The Battle of Adwa was fought on 1 March 1896 between the Ethiopian Empire and the Kingdom of Italy near the town of Adwa, Ethiopia, in Tigray. This climactic battle of the First Italo-Ethiopian War, was a decisive defeat for Italy and secured Ethiopian sovereignty. As the 20th century approached, Africa had been carved up among the European powers at the Berlin Conference of 1884–85. The two independent exceptions were the Republic of Liberia on the west coast, which had begun as a settlement of repatriated American slaves. These slaves were sent by the American Colonization Society, who believed blacks would face better chances for freedom in Africa than in the United States. The second independent nation being Ethiopia, or then still commonly known as Abyssinia. Italy was a relative latecomer to the imperialist scramble for Africa. Italy’s only possessions were African territories: Eritrea and Italian Somalia. Both were near Ethiopia on the Horn of Africa and both were impoverished. Italy sought to improve its position in Africa by conquering Ethiopia and joining it with its two territories. Read on……..
Today 28th January 2017 marks the 80th anniversary of the ‘Voice of Ethiopia’. On this day in 1937 Dr Malaku E Bayen the special emissary to America of Emperor Haile Selassie, and his African American wife Dorothy, created a newspaper called ‘Voice of Ethiopia’ to simultaneously denounce Jim Crow in America, and the fascist invasion in Ethiopia. The ‘Voice of Ethiopia’, was to become known as the official media organ of the Ethiopian World Federation Incorporated. It was pro African newspaper that urged the millions of sons and daughters of Ethiopia scattered throughout the world, to join hands with Ethiopia to save the country from the wolves of Europe. Its first anniversary was marked by a special cable via Western Union from Emperor Haile Selassie, who at that time resided in exile at Fairfield House in Bath.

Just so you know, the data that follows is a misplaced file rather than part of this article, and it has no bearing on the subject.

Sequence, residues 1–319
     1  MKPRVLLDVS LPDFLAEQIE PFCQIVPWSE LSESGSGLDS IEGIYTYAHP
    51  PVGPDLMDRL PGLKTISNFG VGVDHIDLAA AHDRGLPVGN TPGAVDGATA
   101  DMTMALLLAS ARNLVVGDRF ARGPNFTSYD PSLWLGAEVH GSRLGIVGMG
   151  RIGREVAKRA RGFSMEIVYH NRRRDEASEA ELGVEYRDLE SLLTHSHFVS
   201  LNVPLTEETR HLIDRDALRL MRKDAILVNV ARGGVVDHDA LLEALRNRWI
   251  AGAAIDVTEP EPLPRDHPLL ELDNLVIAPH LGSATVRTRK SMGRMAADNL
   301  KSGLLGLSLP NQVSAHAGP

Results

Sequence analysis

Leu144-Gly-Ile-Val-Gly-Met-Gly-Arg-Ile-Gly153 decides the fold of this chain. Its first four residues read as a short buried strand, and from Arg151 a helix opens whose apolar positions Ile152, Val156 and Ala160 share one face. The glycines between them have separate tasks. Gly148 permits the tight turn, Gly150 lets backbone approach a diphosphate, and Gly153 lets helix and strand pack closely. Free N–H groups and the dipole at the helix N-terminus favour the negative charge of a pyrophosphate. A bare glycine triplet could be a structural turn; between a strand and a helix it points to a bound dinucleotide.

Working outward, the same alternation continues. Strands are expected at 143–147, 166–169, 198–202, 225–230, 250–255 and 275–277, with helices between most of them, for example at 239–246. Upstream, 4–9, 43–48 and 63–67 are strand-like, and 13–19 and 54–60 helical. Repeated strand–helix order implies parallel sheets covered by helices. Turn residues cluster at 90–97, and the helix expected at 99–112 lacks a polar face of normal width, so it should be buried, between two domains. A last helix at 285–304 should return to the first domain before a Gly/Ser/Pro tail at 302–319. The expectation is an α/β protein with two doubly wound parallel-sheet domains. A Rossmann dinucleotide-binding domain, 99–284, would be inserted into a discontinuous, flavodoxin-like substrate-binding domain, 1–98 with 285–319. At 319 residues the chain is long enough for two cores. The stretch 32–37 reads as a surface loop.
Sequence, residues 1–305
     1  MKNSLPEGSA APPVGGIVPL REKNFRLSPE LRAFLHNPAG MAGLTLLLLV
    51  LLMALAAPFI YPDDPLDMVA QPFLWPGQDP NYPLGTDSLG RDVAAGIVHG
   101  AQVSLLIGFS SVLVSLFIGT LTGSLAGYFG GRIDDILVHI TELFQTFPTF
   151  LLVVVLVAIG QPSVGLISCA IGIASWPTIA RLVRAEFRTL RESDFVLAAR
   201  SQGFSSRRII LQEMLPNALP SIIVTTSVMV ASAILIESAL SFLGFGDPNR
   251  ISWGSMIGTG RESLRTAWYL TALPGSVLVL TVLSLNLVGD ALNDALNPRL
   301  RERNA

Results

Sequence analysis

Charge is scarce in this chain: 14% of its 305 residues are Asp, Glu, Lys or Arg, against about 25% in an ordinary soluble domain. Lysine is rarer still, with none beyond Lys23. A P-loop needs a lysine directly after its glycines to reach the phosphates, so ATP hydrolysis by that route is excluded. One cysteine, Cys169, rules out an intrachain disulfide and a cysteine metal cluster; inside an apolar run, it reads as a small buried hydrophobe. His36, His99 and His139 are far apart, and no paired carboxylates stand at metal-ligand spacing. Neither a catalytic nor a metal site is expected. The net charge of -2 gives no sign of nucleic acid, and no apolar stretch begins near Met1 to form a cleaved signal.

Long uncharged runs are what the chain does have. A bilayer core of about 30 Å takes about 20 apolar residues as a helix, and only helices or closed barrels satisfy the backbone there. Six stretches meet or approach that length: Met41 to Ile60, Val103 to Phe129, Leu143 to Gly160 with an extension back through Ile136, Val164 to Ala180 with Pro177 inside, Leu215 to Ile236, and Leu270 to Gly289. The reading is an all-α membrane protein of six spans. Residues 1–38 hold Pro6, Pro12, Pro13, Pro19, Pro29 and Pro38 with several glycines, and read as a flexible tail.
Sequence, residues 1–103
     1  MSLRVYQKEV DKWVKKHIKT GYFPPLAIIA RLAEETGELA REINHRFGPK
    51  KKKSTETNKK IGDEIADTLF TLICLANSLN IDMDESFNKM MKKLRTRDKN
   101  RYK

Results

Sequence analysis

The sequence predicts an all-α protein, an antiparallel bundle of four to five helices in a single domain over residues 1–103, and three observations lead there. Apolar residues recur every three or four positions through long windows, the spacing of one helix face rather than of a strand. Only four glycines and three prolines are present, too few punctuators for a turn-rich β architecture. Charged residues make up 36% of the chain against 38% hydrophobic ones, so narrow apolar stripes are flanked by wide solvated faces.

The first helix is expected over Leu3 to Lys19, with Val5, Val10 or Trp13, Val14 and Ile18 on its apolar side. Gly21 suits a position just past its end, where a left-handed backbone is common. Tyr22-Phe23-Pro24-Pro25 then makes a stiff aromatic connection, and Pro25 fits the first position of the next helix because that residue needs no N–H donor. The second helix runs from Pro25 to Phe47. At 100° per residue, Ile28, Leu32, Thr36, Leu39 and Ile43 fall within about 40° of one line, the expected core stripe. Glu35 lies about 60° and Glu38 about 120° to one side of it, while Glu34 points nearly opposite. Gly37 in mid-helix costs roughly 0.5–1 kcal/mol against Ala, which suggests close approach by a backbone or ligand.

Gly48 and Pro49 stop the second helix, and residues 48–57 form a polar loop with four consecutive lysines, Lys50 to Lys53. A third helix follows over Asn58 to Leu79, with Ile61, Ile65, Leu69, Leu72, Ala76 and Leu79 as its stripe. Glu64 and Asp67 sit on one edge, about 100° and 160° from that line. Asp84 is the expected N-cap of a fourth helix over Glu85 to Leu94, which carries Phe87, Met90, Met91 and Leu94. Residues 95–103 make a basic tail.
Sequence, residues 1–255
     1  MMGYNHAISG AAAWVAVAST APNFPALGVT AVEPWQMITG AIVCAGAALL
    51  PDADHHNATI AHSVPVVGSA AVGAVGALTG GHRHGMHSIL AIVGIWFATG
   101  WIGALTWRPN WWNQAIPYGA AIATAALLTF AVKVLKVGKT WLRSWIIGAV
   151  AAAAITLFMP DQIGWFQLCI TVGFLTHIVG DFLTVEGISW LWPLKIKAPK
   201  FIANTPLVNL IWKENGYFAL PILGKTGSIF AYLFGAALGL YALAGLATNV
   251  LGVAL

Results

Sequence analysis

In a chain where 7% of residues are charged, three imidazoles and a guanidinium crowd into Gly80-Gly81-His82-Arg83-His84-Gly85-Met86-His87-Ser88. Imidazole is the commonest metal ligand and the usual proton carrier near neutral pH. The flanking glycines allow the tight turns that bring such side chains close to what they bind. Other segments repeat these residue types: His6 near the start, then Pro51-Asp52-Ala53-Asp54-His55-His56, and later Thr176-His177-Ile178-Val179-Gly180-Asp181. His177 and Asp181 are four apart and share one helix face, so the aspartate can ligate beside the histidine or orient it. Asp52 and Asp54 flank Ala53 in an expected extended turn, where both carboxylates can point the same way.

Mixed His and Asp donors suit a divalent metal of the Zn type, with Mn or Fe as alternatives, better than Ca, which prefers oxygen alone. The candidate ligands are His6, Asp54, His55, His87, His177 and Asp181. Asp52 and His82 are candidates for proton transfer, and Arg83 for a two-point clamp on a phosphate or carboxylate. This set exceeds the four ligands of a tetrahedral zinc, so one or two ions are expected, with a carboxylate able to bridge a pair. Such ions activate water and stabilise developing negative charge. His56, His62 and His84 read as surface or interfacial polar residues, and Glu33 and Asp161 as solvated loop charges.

The cable read ” It is with great pleasure that i have just noted that the ‘Voice of Ethiopia’ has just completed its first year of struggle for the cause of Ethiopia and i send my congratulations. I sincerely hope that it will continue to receive the support of all who love justice”. Emperor Haile Selassie.
An extract from the ‘Voice of Ethiopia’, describes the first birthday celebration. Read on…..
Timket is the Ethiopian Orthodox celebration of Epiphany. Timket celebrates the baptism of Christ in the Jordan River. This festival is best known for its ritual reenactment of baptism During the ceremonies of Timkat, the Tabot, a model of the Ark of the Covenant, is reverently wrapped in rich cloth and borne in procession and carried through the crowd in every city on the head of a priest. The Tabot/s are carried only by the most senior priests of the community and completely covered because they are too sacred for anyone to gaze at them. Even the head of the Ethiopian Orthodox church is forbidden to see it; only its guardians can look at it. The actual Ark of the Covenant is said to be in the city of Aksum, guarded by monks who have vowed not to leave the chapel grounds until death. Continue reading……………….
While the Gregorian calendar celebrates Christmas on the 25th of December, Ethiopia still retains the ancient Julian calendar in which Christmas falls on January 7th (of the Gregorian calendar.) The Ethiopian name given to Christmas is Ledet or Genna which, according to elders, comes from the word Gennana, meaning “imminent” to express the coming of Christ and the freeing of mankind from sin. It is a public holiday, and the day is a time of reflection, inner thoughts and healing Continue reading……………………………………….
Haile Selassie I is Ethiopia’s 225th and last emperor, serving from 1930 until his overthrow by the Marxist dictator Mengistu Haile Mariam in 1974. The longtime ruler traced his line back to Menelik I, who was credited with being the child of King Solomon and the Queen of Sheba.
Emperor Haile Selassie I was born on July 23, 1892, as Lij Taffari Makonnen at Enjersa Goro, just outside the city of Harrar Ethiopia. His parents were Ras Makonnen Wolde Michael, the governor of Harrar, and his wife, Woizero Yeshimebet Ali AbaJiffar. At the age of thirteen, Lij Taffari Makonnen was appointed a Dejazmatch by his father (“Commander or General of the Gate”) a military title meaning commander of the central body of a traditional Ethiopian armed force. Ras Makonnen also summoned all his officers and informed them that it was his wish that his son Dejazmatch Taffari succeed him as governor of Harrar although ultimate decisions as to the succession of the Harrar governorate belonged to his cousin Emperor Menelik II.
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